But—make no mistake—death is evil. The last enemy, the Bible calls it. Death was never in God’s playbook for his magnificent creation. Satan tricked our first parents into declaring rebellion against their Creator, and death was the consequence. A rending asunder of everything God has joined together: body and soul, flesh and breath. Yes; husband and wife.
Now I am alone in our beautiful house. But it’s no longer a home, not really. It’s where I live, but I live here alone without Jane, my bride. True enough, our family still remains. Three wonderful human beings, products of the union of our bodies by God’s gracious design. They and their four children plus the promise of generations still to come are all living, breathing signs of God’s ongoing lovingkindness. And I’ve come to treasure my friends even more than I did before. I’m not really lonely, per se. But I am alone nonetheless.
Aging is an adventure, I used to say; I’ve never been old before. Now this. I’ve never been widowed before either. I’ve helped scores of people through their grief over the five decades of my ministry. But now that journey is my own.
I always told people there’s no “one size fits all” script for grief. And that’s pretty much the way it is, I find. Favorite songs of days long gone dissolve me into tears. I crave the accumulated memories of Jane’s many friends; I want to collect them all into my private treasure trove of everything we shared together.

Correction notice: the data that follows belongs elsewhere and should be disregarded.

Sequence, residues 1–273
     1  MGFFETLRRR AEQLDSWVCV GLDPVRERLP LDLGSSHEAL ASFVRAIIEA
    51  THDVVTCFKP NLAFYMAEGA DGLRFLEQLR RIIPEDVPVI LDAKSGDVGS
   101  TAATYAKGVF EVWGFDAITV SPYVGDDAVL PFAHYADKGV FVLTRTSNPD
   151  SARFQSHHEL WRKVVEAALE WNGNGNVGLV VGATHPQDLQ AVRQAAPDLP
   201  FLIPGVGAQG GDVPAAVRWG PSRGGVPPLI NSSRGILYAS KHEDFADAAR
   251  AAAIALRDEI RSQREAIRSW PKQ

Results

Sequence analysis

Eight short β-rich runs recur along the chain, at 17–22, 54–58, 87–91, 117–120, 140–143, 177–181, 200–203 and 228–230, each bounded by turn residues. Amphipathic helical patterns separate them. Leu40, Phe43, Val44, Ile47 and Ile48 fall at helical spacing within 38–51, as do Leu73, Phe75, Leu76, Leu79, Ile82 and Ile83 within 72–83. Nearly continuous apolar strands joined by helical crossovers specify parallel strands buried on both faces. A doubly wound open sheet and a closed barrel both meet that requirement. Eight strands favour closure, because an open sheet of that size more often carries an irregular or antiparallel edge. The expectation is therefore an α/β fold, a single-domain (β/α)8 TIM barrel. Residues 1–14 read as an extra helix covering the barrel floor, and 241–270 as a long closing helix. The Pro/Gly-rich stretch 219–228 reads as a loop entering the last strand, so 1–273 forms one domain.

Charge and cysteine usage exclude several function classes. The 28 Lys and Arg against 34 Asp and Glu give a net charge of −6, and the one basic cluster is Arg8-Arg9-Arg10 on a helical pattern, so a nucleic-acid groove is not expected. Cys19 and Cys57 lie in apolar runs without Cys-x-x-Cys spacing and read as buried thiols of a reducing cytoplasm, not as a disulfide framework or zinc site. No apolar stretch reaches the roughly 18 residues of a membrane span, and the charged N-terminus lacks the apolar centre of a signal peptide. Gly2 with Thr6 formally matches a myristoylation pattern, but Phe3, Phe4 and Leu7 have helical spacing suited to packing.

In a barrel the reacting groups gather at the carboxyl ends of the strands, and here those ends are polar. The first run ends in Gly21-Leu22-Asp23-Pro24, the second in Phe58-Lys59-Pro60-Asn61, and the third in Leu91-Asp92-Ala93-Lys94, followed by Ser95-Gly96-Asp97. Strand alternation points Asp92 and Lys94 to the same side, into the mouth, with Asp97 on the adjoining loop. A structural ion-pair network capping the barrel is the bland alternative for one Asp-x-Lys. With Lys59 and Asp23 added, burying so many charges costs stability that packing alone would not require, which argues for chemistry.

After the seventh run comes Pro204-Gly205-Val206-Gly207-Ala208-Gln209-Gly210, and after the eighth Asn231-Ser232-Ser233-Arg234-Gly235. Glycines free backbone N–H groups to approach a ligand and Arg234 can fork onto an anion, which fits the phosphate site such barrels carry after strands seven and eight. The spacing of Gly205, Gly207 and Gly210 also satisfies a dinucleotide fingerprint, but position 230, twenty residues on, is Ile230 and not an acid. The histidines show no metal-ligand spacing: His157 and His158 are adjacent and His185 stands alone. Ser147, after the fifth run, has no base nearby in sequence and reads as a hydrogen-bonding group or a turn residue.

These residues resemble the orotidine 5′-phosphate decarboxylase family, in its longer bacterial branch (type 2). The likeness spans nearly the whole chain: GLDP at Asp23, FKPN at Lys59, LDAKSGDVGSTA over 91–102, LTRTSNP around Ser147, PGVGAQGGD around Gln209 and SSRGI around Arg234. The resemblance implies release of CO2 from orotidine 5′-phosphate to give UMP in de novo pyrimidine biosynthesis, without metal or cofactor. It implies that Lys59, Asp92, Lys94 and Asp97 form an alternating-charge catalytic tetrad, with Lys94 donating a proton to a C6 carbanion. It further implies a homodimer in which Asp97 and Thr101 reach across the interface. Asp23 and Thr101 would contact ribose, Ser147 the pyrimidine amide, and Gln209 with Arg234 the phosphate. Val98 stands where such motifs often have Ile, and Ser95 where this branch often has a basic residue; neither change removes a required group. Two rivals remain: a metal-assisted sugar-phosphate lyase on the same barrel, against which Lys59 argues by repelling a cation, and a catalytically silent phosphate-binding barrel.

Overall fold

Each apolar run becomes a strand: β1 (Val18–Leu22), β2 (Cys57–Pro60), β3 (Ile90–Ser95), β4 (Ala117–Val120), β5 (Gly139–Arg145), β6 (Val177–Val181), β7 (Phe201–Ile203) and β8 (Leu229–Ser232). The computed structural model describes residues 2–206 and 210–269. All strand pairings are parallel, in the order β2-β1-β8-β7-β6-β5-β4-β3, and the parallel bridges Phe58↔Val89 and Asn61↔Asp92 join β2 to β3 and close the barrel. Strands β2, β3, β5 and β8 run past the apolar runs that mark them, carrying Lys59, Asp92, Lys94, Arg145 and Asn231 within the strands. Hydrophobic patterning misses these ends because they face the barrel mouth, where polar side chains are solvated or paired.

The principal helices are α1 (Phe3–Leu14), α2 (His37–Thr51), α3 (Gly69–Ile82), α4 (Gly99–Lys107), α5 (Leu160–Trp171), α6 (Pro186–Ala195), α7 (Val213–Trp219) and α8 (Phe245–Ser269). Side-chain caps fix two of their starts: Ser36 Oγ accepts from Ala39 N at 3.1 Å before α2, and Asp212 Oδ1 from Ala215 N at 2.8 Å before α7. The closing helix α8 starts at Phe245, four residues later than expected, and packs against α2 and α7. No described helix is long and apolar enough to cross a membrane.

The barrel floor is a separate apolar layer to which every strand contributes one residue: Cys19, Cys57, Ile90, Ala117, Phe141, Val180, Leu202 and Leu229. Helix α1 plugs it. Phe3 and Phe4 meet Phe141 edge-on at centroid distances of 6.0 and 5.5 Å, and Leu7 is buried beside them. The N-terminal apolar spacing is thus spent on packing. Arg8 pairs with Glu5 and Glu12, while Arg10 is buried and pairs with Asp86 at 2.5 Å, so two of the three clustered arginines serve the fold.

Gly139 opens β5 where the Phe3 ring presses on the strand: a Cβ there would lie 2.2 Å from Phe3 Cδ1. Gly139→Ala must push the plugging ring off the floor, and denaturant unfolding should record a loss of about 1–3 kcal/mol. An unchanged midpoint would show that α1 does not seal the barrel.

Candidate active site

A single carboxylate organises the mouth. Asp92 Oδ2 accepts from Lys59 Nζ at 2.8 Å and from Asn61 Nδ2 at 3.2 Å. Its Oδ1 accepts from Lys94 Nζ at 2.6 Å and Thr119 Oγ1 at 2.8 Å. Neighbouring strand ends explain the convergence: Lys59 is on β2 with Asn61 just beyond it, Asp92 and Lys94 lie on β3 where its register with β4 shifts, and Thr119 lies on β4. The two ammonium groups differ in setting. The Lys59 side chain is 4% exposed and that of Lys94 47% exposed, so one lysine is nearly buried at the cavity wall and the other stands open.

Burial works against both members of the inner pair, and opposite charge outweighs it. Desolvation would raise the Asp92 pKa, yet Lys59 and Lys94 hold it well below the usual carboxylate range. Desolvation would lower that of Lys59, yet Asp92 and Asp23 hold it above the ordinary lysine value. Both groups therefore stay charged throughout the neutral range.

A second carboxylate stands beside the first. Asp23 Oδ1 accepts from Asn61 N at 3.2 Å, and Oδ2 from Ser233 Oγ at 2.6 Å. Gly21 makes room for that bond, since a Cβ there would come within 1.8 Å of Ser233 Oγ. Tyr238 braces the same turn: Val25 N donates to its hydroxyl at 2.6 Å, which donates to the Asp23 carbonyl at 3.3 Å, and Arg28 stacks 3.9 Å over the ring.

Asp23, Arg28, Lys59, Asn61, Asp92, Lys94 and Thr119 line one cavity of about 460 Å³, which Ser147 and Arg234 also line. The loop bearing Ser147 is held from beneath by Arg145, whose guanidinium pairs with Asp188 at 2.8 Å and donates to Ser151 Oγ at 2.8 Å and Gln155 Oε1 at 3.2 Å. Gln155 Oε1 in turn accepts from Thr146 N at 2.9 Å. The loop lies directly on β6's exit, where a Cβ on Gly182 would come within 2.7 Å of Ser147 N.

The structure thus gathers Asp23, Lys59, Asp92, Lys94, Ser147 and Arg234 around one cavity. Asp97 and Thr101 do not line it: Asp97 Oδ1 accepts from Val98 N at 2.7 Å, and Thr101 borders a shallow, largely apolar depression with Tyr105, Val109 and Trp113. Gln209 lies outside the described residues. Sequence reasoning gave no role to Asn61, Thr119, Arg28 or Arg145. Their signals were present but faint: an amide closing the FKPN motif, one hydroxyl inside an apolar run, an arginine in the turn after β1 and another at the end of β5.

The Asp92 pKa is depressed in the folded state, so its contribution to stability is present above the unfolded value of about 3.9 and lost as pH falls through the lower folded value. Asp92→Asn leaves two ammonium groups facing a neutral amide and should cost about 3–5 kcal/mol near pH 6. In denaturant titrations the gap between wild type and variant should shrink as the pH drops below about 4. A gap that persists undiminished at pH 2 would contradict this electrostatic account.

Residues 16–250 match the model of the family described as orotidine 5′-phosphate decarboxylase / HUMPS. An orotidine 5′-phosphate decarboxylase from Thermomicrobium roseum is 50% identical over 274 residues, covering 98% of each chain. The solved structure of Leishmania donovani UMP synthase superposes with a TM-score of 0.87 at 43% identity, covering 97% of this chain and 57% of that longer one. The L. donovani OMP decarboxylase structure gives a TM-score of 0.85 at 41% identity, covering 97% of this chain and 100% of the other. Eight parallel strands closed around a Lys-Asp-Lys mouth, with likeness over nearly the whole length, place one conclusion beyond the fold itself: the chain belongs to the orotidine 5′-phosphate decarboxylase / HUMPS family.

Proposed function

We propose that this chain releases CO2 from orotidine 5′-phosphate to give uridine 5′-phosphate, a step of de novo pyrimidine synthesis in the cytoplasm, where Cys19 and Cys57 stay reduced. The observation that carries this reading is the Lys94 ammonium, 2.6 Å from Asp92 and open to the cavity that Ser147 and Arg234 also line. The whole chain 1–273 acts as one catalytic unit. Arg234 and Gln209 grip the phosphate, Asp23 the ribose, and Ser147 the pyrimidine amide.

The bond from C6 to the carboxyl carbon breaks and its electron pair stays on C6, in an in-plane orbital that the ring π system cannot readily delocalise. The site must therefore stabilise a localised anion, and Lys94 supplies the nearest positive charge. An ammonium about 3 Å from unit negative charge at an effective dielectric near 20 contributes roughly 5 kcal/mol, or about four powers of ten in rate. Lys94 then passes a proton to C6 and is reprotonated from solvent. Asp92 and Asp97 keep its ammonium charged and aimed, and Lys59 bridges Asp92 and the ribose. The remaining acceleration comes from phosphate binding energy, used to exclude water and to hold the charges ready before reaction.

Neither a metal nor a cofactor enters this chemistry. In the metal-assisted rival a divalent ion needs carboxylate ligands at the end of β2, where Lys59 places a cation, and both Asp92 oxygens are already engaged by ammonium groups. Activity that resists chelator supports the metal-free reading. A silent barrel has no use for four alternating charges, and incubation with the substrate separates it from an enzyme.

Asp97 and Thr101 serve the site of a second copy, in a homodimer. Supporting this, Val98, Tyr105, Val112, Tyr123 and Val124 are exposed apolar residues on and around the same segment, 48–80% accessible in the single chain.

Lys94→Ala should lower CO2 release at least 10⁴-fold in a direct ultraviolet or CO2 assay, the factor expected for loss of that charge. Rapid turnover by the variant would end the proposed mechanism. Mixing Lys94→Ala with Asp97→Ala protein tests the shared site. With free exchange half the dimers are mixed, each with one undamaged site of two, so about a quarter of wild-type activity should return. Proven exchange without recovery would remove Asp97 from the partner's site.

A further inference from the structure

But it’s not the same. It’s like the pilot light has gone out in my furnace, I’ve told some people. Like an engine running long at full throttle, it’s awkward now at idle speed.
It’s time now to take my own medicine. Near the end of my book I wrote:
The life Jesus gives you by his cross and resurrection is everlasting. Your sufferings, though they may linger on and on, are temporary by comparison. To know Christ and the power of his resurrection you must also share in the fellowship of his sufferings, which will come to an end one day soon.
I believe that now just as surely as the day I wrote it. It’s the foundation of my daily consolation and my future hope of joys yet to come.
I pray it may be yours as well.
Blessed are those who mourn, for they shall be comforted. (Matthew 5:4)
by the death of your Son Jesus Christ you destroyed death,
by his rest in the tomb you sanctified the graves of your saints,
and by his bodily resurrection you brought life and immortality to light
so that all who die in him abide in peace and hope.
Keep us in everlasting communion with all who wait for him on earth
and with all in heaven who are with him,
for he is the resurrection and the life,
even Jesus Christ, our Lord.
(Lutheran Service Book Pastoral Care Companion, CPH:2007, 121‐122.)
Harold L. Senkbeil
3 February 2022
This guest post was written by Harold L. Senkbeil, author of Christ and Calamity: Grace and Gratitude in the Darkest Valley (Lexham Press, 2020).